Before looking at bounties of faith through suffering. You must realize that this perspective is not shared by all. In fact some believe otherwise of suffering. Suffering is often seen as an unpleasant situation or just painful in which nothing good ever comes from it. When most people see it coming, or are in the midst of it, they become depressed, even distraught. They feel a terrible injustice has befallen them. And there is no way out of the situation. Nor do they ever see an end. It is hell on earth, and I am caught up in side of it. And then once through the turmoil, they do not look back to reflect. There was no good to come of it. It only upset them, or brought nothing but misery. People view suffering as another incident that has stolen a part of my soul. Man is unable to subject the painful experience of human existence to a meaningful experience (Wheaton). Man sees no point to pain. It does no one any good. Though at some time it may end, like a tornado will stop destroying eventually, it will leave nothing but devastation and misery.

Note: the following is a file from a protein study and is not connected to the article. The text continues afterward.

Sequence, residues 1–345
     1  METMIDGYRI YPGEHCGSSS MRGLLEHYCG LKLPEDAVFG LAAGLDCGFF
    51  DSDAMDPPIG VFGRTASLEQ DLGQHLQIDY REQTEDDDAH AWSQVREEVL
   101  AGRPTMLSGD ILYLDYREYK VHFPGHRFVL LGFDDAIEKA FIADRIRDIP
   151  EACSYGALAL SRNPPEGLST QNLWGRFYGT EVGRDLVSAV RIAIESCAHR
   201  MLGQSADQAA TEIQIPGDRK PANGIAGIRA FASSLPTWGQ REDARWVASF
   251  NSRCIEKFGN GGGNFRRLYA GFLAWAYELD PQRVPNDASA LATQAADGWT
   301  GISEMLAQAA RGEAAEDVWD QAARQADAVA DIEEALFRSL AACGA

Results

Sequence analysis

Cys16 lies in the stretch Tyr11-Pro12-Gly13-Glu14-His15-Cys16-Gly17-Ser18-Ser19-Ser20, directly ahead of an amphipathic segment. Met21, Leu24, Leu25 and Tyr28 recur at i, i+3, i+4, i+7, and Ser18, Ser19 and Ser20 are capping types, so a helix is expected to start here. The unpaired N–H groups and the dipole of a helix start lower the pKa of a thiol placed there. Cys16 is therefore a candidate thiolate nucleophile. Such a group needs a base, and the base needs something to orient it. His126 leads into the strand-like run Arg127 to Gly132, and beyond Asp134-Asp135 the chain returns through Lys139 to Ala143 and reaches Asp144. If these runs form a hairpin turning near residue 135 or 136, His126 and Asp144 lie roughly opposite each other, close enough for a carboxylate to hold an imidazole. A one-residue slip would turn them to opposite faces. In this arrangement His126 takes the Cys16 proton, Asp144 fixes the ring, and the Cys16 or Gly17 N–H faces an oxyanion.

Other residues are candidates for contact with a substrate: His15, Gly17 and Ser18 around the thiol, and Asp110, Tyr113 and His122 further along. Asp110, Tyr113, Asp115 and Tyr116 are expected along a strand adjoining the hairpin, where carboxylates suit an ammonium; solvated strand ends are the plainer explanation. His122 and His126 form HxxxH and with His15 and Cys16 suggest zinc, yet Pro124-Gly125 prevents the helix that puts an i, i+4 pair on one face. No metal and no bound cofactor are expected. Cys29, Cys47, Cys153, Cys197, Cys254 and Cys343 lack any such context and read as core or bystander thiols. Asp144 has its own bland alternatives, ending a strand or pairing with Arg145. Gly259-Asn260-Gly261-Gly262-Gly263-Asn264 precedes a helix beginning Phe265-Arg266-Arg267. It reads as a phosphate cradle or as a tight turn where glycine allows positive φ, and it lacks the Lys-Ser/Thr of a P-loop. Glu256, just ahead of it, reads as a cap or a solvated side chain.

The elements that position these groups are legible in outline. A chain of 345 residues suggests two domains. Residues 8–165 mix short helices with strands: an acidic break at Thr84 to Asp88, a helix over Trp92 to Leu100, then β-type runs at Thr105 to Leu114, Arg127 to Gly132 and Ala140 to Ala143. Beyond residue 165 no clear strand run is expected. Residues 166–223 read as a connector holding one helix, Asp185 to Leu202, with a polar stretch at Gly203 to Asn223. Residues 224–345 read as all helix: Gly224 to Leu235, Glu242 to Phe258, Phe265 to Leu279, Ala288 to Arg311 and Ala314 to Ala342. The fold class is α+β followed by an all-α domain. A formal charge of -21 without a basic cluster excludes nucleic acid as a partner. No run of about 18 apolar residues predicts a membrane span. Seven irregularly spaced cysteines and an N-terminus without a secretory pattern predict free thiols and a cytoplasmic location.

Once the reality of a terrible incident has set in, and you have begun to experience the suffering or pain as a result, bitterness can eventually consume you. Because of your suffering you become bitter and see only the pain you have gone through. Bitterness will isolate a man from any remotely similar situations that could possibly bring about a recurrence of the same situation which brought you pain in the first place. For instance, consider divorcees that refuse to marry again after going through a previous marriage, in which they were abused or cheated on, one time after another by the same person. After awhile a person becomes conditioned into believing that if this situation brings me so much pain, where one who says they love you is capable of hurting or lying to you, it is likely that it could happen again. The torment endured is too great to face the possibility that it could happen again. Aside from this possibility is one in which you not only are hesitant to go on, but you protect yourself by taking the identity of that which caused you so much pain. Consider this. If you are abused, then you will abuse. If you are cheated on, then you will cheat. If you are violently assaulted, then you will assault. People can become so bitter that they see only the pain they have received then feel the only protection against it, is to display yourself. In Jasper, Texas, three white men are being sentenced to death for killing a black man by beating and dragging him behind a truck on the road. During the trial one of the men, in his defense, began his testimony by telling the jury of his dysfunctional family life from birth. He explained that his mother abandoned him and his brother when he was 3, and that he never met his biological father until two weeks before the trial (Babineck). This man felt as though the pain of losing his mother and never having his father around, was compelling enough to take someone else’s life, or to be party to it. He carried his anger and bitterness with him until it prompted him to act on it. Bitterness is an effect of suffering. It can destroy as it was brought on by destruction.